Proposed live beef processing plant attracts attention on Saturday
The question of what a live beef processing plant would mean for Geary County was explored at a public meeting Saturday at the CL Hoover Opera House. It was organized by Concerned Citizens for Sensible Economic Development With Open Communications, which opposes the project. There was a large turnout at the event where expert speakers who researched the topic spoke, and the audience was allowed to ask questions and offer their input.
Here are some of the facts presented for the proposed factory following research by retired architect Mike Blaske.
–There would be 300 employees.
–1,000 head of cattle per day would be killed
–160 million gallons of water would be needed per year.
–10,000 to 300 gallons of blood per day should be eliminated every day.
–There would be large-scale truck traffic, with each truck carrying about 40 head of cattle.
–Bones and animal waste should also be removed.
–Water and air pollution could occur.
–This would not be considered a particularly large plant.
A keynote speaker, Don Stull, mentioned the Foote Cattle Company as the entity considering this project. No final decision has been made on his prosecution.
Blaske said, “I think it’s something that needs a lot of thought before a facility like this is introduced into our community.”
Blaske said there have been attempts to pose the question of how this facility will address the issues listed and the only answer received is that there is new technology. It was unclear if it was working or if it was in place anywhere in a slaughterhouse where it could be checked.
Blaske noted that the concerned citizens’ group is a bit frustrated that they haven’t had open communication. Non-disclosure agreements have been signed by local leaders prohibiting them from talking about the project. Blaske asked for better information. He also commented that he didn’t understand putting a packing plant in the middle of the westward growth in Junction City. The proposed location is just north of I-70 and would be at the southwest end of town.
On the subject of smell, Blaske contacted five slaughterhouses and businesses in their communities where he gathered opinions about a facility’s smell both pros and cons, ranging from odors to needing jobs. There was voluntary information that local townspeople are no longer the workforce of these slaughterhouses. The hourly wage was quite good and the interior of the slaughterhouses was not pretty. There was a huge turnover of employees the first two or three years. He also noted that he learned that slaughterhouses are not good neighbors and should not be located in or near a city, but rather belong to isolated locations away from a city. The new workers were also transient non-English speaking people, in many cases this led to crime, and this is a problem for the hospitals because when they treat the workers, the hospitals are not reimbursed.
Don Stull, a retired KU professor of anthropology, has researched the meat and poultry industry in several communities in three states and across Canada. “In most cases, the choice to locate a packing plant was made by state and local authorities before the general public even knew their city was under consideration. Residents of Junction City are fortunate to be able to consider the consequences of the proposed meat plant and express their views before the final decision is made.”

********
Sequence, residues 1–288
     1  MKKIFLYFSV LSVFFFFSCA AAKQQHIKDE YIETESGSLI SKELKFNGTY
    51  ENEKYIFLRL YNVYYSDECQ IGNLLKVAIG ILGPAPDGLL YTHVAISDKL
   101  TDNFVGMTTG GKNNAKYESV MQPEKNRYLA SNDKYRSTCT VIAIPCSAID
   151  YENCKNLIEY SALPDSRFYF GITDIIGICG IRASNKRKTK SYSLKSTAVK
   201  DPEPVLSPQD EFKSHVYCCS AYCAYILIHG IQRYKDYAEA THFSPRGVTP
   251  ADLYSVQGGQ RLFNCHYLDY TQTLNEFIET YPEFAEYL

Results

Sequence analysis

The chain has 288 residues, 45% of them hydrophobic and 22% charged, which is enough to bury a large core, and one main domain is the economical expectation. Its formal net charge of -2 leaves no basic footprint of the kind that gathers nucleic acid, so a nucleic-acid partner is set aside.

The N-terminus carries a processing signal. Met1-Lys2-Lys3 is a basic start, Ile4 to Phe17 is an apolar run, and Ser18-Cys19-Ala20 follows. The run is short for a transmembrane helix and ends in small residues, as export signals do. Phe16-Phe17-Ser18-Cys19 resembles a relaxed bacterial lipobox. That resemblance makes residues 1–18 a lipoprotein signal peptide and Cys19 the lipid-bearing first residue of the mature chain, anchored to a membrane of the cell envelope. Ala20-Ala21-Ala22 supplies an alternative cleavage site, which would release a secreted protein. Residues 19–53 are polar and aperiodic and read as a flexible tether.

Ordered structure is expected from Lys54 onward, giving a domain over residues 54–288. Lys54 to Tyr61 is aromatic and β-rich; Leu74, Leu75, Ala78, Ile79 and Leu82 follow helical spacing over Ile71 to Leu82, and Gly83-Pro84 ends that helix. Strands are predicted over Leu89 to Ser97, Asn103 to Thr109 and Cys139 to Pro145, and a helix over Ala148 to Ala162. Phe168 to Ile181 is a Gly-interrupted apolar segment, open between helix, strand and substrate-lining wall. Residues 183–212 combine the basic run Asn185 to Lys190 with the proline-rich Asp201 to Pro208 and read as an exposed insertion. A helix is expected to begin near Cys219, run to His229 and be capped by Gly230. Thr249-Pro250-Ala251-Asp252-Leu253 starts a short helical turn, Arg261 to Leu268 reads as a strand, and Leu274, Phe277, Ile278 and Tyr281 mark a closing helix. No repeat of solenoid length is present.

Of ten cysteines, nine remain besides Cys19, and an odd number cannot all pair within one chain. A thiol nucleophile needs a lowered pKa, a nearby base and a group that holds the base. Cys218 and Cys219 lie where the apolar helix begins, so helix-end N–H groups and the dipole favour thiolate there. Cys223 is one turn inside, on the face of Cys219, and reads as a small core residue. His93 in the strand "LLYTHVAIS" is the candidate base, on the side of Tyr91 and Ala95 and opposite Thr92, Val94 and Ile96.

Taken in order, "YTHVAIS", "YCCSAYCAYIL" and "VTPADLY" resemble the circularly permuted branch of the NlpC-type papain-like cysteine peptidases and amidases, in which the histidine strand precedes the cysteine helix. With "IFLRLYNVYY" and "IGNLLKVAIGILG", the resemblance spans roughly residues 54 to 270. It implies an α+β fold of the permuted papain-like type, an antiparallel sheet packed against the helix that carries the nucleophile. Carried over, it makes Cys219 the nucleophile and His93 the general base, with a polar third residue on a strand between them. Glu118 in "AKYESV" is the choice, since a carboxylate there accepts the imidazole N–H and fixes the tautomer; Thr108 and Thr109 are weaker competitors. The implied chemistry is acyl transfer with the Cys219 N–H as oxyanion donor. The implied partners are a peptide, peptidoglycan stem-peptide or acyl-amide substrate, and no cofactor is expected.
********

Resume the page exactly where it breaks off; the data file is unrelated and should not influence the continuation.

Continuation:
Stull noted that meat and poultry companies create jobs. “But many places pursue economic development without considering the larger issues of community development. They equate development with jobs and see economic development as the only way to maintain and improve the community.” Stull added that ‘unless economic development improves the quality of life, it can be detrimental. “Jobs like lunches are rarely free.”
Stull said line work in a packing plant is physically demanding, dangerous, speaking English, having a high school diploma or having previous work experience is not necessary to work in a packaging plant. “It helps explain why the meat and poultry industry is heavily dependent on immigrants and refugees.” He added that the low wages and unpleasant working conditions encourage turnover, that the roads and highways are more busy and that this plant would be much smaller than others, for example in Dodge City or Garden City.
Stull noted, “There are many things the citizens and leaders of Junction City need to know before they can make an informed decision about whether to support or oppose the proposed packaging plant. ” Information is needed on topics ranging from potential sources of labor, wages, support the company will provide to the community, tax abatements and other concessions the company may request from Junction City and Geary County.
Questions from the audience ranged from opposition to low wages to a desire for city and county leaders to consider quality of life issues and be more transparent with the community. There was a comment about negativity, noting that a lot of things were biased. There was a positive reference to OSHA that 97% of meatpacking plants are insured, they have 401Ks and language courses.
A comment mentioned that Junction City was not a big business or corporation friendly place. Another was that everyone should do their homework and put the proposal to a vote. It was asked how the city would meet water and waste disposal needs. It has also been observed that, in general, property values decrease the closer one gets to a slaughterhouse or feed yard.
There were petitions in the lobby of the Opera and signs available in the courtyard to be distributed to those who opposed the project. About 200 people attended the meeting.
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